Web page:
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South African Journal of Occupational Therapy

On-line version ISSN 2310-3833
Print version ISSN 0038-2337

Abstract

JEJELAYE, Anthony; MASEKO, Lebogang  and  FRANZSEN, Denise. Occupational therapy services and perception of integration of these at primary healthcare level in South Africa. S. Afr. j. occup. ther. [online]. 2019, vol.49, n.3, pp.46-53. ISSN 2310-3833.  http://dx.doi.org/10.17159/2310-3833/2019/vol49n3a8.

BACKGROUND: Literature indicates that access to rehabilitation services in South Africa is limited. Recent policy documents by the National Department of Health related to disability and rehabilitation propose the integration of occupational therapy services in primary healthcare (PHC). However, the implementation strategies concerning integration are not clear as there is inadequate evidence locally on the occupational therapy service provision in PHC even though there is growing evidence internationally PURPOSE: This study sought to determine the services provided by occupational therapists in PHC and to explore the perceptions of the occupational therapists on the integration of occupational therapy services within the PHC reengineering streams of the National Health Insurance (NHI METHOD: A two-phase explanatory sequential mixed method strategy was utilised in this study. A quantitative survey was sent to members of the occupational therapy professional association and an organisation of professionals providing rehabilitation services in rural communities. Qualitative data were then collected using semi-structured interviews with five therapists who completed the survey FINDINGS: Findings from this study showed there is increasing alignment of occupational therapy services in PHC with the community-based rehabilitation (CBR), the Social Model, the International Classification of Functioning, Disability and Health (ICF), and the Medical Model using client self-management and case-management intervention approaches. The majority of occupational therapists are currently based in district hospitals (42%), community health centres (16%), community organisations (8%), and clinics (8%). Those working in the community indicated they work in a multidisciplinary team (MDT). They also use PHC service delivery models to manage people with disabilities (PWDs). Occupational therapists in PHC have a strong perception of their relevance in the PHC reengineering streams, despite the numerous barriers and few facilitators to the integration of occupational therapy services in the PHC reengineering streams of the NHI CONCLUSION: The perception of the study participants is that occupational therapy service integration in the PHC reengineering streams will lead to improved healthcare. However, they are also of the opinion that integration will not happen without advocacy from occupational therapists or occupational therapy being adequately supported in PHC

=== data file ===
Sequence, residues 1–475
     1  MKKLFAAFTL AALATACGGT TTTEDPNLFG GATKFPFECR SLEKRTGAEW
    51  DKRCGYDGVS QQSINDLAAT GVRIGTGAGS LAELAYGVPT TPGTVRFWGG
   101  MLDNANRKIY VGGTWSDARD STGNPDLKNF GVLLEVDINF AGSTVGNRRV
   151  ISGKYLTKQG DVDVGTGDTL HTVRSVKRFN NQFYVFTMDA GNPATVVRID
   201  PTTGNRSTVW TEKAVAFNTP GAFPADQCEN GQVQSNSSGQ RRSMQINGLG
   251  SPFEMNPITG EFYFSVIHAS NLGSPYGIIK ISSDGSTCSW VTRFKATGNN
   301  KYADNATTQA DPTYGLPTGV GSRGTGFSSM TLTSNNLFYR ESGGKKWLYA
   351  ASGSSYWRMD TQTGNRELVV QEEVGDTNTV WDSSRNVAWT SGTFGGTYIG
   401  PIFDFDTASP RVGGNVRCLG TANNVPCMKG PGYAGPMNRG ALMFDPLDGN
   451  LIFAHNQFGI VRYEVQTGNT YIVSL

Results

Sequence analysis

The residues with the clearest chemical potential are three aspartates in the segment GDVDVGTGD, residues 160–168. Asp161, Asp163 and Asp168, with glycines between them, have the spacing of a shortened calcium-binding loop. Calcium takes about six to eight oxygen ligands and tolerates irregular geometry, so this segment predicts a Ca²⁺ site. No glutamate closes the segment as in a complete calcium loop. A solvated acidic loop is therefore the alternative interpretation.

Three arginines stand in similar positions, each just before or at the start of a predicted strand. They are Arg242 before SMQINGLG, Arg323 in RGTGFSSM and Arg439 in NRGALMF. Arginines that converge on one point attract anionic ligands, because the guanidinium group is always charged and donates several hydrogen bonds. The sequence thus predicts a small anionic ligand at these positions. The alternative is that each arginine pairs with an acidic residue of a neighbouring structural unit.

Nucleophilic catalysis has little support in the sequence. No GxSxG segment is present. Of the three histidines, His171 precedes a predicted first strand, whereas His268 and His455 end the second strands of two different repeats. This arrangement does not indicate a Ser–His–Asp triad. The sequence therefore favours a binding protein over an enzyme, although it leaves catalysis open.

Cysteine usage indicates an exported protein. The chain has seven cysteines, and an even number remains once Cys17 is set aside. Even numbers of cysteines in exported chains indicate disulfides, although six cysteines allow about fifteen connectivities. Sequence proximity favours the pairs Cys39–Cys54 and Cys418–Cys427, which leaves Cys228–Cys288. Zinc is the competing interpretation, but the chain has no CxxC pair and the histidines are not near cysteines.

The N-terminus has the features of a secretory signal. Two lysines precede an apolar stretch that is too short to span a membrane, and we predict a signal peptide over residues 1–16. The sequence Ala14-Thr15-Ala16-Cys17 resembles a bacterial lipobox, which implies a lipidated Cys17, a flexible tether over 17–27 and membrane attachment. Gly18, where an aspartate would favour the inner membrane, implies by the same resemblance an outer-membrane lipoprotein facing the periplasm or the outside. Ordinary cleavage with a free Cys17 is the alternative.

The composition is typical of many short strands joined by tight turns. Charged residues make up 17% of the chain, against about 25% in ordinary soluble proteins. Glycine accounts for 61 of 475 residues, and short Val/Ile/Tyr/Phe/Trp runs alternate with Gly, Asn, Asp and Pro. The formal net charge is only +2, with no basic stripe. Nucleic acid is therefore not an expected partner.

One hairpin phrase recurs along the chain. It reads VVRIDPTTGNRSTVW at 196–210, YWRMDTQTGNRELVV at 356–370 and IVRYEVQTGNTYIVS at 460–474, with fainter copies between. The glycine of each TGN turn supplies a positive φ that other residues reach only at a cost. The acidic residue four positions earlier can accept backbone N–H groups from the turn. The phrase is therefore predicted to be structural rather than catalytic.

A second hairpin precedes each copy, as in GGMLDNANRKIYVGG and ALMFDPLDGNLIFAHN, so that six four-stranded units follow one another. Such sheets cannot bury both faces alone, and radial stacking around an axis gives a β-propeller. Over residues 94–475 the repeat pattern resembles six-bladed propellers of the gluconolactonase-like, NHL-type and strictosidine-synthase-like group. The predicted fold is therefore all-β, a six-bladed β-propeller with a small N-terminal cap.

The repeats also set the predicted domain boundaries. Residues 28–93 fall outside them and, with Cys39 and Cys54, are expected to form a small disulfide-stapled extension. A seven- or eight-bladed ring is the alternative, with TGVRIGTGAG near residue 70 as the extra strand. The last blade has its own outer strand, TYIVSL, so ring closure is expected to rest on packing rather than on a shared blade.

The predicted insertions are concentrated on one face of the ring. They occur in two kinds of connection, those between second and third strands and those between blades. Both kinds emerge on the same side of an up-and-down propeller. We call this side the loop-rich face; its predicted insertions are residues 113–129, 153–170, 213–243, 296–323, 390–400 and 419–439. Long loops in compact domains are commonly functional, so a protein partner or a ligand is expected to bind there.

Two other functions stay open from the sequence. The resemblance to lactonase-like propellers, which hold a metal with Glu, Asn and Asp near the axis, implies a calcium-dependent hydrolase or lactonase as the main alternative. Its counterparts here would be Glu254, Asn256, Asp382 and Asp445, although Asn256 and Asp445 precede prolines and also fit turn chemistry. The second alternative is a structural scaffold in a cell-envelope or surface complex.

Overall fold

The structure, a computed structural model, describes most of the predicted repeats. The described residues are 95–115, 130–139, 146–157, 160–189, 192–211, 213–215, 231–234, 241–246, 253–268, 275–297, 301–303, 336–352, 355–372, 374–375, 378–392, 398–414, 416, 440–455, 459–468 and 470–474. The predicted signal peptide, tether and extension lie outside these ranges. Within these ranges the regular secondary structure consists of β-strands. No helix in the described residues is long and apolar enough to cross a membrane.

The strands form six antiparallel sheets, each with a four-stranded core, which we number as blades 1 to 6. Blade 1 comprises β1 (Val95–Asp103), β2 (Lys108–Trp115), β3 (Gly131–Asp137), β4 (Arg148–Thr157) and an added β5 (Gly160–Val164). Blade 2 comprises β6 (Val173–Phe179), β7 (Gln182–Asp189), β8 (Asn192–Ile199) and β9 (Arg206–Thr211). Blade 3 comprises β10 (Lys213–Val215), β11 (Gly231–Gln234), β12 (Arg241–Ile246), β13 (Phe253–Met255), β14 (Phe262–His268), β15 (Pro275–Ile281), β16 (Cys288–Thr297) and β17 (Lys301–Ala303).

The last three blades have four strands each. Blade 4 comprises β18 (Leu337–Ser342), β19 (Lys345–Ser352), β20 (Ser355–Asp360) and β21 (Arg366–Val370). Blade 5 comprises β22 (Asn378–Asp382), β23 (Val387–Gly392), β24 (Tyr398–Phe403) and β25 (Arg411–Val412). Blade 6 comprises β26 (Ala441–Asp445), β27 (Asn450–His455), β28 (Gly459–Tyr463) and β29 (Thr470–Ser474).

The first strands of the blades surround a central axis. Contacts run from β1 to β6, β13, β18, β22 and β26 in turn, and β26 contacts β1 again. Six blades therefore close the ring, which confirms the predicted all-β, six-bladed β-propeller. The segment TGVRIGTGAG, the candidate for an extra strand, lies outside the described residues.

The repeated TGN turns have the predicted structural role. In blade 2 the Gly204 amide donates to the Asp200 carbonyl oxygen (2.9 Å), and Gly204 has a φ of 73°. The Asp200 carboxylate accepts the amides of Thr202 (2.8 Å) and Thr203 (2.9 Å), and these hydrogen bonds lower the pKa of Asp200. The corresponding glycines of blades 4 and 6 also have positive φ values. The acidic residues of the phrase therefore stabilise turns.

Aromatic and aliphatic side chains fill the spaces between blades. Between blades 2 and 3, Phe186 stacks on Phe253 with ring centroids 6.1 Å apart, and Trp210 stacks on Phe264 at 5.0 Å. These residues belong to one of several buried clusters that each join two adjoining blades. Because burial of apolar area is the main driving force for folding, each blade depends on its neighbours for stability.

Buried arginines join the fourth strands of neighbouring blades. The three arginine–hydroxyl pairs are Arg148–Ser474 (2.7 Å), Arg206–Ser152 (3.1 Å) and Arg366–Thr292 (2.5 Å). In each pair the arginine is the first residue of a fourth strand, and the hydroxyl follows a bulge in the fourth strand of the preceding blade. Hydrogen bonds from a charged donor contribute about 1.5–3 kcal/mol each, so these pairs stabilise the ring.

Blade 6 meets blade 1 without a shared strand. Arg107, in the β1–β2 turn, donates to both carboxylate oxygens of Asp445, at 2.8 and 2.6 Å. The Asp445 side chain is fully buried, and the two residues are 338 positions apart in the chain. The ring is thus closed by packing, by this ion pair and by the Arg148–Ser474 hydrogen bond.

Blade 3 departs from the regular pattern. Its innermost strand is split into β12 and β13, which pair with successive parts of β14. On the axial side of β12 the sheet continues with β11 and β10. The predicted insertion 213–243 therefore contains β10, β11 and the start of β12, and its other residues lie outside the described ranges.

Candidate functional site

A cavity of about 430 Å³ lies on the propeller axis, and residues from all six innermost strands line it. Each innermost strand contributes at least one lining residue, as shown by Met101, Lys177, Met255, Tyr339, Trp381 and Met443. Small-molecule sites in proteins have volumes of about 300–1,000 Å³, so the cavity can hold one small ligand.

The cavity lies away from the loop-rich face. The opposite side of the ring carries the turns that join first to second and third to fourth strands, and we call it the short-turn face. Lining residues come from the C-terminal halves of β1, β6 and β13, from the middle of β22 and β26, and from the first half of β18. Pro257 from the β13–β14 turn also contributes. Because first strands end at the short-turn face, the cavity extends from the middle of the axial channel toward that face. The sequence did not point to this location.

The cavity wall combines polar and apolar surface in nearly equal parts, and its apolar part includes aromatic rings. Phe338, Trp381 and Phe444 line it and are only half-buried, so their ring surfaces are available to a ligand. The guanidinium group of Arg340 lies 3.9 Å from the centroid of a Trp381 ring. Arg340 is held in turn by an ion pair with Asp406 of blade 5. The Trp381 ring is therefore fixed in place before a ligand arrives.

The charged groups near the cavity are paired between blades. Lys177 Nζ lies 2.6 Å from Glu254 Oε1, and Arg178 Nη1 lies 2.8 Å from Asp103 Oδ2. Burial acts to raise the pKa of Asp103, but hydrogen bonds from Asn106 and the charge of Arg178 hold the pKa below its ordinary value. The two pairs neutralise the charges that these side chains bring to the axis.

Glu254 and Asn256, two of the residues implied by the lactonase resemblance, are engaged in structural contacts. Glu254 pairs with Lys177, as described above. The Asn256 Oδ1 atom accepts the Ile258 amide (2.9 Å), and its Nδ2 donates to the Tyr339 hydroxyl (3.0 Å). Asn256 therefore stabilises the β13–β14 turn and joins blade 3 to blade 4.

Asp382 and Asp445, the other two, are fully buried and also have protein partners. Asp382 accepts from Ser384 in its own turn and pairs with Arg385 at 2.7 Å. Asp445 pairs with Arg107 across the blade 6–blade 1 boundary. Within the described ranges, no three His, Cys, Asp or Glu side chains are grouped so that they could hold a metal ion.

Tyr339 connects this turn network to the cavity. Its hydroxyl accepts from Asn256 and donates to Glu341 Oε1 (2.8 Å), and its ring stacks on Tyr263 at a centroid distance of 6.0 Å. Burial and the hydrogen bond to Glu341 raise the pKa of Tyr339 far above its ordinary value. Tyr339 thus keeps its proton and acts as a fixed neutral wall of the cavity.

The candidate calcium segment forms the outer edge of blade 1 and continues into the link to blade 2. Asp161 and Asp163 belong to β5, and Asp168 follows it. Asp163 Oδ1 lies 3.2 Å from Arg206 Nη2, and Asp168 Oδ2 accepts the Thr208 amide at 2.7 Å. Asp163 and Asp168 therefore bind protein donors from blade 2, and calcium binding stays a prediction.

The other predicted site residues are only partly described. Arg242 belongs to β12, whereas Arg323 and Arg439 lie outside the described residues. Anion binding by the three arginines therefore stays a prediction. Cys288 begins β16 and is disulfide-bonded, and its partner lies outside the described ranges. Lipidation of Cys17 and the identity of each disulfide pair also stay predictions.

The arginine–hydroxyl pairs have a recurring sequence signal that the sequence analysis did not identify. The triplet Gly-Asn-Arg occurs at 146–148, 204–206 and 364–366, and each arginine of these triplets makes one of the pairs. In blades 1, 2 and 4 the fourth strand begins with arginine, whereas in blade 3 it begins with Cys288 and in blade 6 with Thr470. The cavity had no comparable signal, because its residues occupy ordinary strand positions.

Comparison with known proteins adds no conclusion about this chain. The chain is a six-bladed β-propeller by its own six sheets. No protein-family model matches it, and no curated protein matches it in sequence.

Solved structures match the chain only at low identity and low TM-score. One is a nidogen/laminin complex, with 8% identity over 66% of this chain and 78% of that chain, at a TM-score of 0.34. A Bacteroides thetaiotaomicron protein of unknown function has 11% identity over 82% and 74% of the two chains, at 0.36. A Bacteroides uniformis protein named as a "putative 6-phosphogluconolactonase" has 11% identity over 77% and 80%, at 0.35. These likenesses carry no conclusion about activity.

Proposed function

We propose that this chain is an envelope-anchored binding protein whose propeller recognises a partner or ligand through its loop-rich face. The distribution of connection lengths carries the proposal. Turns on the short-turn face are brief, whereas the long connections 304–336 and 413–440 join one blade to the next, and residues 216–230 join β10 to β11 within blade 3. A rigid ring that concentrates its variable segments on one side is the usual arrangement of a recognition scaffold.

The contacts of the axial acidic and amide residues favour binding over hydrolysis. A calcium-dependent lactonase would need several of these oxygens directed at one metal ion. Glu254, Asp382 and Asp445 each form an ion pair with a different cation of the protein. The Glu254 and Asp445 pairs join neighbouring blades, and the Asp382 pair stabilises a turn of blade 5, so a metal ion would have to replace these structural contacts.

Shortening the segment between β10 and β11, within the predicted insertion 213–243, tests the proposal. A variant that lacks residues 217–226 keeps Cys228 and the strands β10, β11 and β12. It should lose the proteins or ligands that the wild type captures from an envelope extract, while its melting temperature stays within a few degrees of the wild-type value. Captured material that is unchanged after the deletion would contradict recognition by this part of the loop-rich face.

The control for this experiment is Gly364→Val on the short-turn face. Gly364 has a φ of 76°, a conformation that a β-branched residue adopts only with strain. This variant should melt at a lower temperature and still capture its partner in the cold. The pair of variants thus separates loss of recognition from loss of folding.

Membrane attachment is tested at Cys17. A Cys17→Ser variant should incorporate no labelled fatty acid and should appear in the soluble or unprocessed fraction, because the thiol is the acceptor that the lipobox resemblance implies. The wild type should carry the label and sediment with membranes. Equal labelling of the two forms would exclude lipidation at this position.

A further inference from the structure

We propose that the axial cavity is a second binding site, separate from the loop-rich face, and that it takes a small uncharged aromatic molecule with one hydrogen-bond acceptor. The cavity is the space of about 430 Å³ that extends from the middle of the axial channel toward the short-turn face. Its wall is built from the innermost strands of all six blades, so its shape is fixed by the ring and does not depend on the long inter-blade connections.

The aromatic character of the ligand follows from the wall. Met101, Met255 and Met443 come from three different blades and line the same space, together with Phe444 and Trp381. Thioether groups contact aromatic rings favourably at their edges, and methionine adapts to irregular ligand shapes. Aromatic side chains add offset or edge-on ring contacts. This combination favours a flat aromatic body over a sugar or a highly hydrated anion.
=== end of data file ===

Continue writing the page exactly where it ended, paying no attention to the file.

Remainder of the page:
Keywords : Occupational therapy; primary health care re-engineering; integration; National Health Insurance; universal health coverage.

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